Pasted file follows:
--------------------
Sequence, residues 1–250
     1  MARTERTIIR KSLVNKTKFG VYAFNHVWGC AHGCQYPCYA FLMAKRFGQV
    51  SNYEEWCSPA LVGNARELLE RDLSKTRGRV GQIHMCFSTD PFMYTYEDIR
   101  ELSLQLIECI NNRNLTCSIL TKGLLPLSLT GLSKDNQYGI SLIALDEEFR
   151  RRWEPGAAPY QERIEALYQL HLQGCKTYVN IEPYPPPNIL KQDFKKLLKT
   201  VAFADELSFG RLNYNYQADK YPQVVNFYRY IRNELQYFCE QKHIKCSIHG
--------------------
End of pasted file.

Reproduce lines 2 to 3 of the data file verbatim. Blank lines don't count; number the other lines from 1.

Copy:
     1  MARTERTIIR KSLVNKTKFG VYAFNHVWGC AHGCQYPCYA FLMAKRFGQV
    51  SNYEEWCSPA LVGNARELLE RDLSKTRGRV GQIHMCFSTD PFMYTYEDIR